It’s a good but not complete indicator. There is a very strong tendency for a country with a rising GDP to also feature people getting jobs, earning good wages, and increasing their disposable income. Likewise, a shrinking economy is often a sign that something is wrong. But this is a tendency, not a law of nature — if GDP rises because of a new oil discovery, for example, whether or not that brings broad-based gains or just a windfall to whoever owns the oil depends heavily on policy factors.
What’s more, GDP doesn’t measure lots of aspects of what makes a country a great place to live. A country can have major environmental problems like pollution despite (or because of) its fast-growing economy, for example. GDP also doesn’t tell you anything about crime rates, family structure, health, or happiness. A spike in the divorce rate, for example, might lead to a small surge in GDP as people need to furnish new apartments. But broadly speaking, economically strong countries tend to do well on health and other indicators.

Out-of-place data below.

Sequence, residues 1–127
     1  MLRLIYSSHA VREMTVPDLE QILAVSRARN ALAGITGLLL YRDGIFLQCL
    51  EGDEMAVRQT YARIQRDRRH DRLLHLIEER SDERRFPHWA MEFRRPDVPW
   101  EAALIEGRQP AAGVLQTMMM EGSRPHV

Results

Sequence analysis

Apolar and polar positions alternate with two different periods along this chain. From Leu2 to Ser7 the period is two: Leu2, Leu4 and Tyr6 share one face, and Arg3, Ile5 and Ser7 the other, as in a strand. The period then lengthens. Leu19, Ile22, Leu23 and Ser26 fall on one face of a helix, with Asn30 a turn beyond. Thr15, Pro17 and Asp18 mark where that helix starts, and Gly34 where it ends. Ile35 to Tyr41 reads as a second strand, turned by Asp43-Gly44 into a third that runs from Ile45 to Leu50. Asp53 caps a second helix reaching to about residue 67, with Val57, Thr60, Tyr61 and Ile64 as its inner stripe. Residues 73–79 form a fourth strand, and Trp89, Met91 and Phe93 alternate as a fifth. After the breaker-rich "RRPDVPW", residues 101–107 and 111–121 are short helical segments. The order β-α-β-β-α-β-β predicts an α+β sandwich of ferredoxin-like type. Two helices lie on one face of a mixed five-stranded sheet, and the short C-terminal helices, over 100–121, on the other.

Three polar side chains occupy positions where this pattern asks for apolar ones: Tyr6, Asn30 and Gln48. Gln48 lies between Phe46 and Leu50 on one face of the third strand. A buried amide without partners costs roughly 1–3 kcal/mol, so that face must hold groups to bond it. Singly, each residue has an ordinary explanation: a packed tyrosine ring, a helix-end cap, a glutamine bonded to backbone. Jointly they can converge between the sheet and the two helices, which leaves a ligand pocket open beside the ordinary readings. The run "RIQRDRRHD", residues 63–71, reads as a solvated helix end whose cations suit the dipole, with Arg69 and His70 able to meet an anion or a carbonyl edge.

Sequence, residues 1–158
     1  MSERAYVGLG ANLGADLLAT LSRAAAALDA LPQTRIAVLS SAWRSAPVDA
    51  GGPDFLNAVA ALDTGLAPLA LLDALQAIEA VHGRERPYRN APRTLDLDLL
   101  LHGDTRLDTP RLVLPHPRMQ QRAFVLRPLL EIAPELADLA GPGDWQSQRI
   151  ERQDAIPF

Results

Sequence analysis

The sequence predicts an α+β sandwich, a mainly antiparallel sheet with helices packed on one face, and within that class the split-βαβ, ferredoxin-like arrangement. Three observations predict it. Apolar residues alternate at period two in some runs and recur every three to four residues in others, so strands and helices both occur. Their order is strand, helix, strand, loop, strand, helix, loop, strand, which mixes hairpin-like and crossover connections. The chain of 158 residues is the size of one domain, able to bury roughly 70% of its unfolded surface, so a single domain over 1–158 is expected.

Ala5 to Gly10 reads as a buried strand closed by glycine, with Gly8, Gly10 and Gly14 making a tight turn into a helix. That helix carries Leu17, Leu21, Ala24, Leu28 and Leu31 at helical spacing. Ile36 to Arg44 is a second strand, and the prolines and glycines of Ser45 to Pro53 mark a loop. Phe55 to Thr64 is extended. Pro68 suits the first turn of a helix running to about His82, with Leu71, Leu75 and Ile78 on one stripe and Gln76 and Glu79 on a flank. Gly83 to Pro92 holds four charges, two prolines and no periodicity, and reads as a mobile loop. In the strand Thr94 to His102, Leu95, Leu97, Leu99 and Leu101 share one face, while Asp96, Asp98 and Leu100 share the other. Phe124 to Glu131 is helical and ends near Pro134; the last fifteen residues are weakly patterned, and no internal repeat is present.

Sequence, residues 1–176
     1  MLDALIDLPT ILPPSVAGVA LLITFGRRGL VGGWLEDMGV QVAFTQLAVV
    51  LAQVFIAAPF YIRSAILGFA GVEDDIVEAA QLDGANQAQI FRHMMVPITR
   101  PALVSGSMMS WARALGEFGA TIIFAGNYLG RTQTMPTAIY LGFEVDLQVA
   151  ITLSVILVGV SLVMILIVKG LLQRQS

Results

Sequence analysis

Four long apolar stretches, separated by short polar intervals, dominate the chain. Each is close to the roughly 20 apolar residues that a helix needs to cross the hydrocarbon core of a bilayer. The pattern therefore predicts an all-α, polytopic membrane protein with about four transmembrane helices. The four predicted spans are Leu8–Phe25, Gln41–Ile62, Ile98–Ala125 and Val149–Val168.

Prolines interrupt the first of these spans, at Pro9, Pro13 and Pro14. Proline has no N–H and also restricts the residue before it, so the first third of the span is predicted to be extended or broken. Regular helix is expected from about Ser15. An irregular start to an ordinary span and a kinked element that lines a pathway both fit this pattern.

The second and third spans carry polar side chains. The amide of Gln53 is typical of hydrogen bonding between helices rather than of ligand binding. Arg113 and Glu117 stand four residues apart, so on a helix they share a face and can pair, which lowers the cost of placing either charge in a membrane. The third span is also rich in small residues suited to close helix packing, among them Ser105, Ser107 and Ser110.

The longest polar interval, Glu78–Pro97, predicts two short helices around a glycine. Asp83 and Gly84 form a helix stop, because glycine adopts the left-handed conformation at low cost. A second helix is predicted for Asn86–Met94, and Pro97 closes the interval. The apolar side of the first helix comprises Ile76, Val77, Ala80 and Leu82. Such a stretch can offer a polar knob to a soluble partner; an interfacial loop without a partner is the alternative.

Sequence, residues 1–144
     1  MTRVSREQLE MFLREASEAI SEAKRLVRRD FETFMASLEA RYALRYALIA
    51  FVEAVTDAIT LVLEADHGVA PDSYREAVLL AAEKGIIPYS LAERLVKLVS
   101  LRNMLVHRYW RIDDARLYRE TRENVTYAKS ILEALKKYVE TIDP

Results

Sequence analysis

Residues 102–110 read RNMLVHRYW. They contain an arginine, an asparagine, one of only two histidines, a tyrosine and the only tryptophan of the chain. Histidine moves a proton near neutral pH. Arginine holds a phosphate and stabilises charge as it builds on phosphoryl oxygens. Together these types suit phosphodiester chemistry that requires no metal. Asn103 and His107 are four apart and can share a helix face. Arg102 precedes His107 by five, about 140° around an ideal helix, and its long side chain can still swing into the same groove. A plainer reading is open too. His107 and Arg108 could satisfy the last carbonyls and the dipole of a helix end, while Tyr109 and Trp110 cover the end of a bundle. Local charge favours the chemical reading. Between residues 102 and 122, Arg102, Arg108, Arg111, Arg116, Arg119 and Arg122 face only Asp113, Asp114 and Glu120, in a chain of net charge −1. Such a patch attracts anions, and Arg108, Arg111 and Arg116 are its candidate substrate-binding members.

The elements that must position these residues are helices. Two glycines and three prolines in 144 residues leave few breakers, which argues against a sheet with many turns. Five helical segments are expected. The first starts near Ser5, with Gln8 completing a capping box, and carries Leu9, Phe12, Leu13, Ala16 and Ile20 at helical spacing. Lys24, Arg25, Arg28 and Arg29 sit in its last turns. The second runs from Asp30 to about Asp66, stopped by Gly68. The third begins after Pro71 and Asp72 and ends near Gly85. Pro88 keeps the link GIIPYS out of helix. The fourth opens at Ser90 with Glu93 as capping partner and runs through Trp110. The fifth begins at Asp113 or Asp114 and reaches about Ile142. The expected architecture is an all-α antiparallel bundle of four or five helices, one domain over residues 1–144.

In other words, you could say that healthy GDP growth is necessary but not sufficient for a nation’s long-term well-being.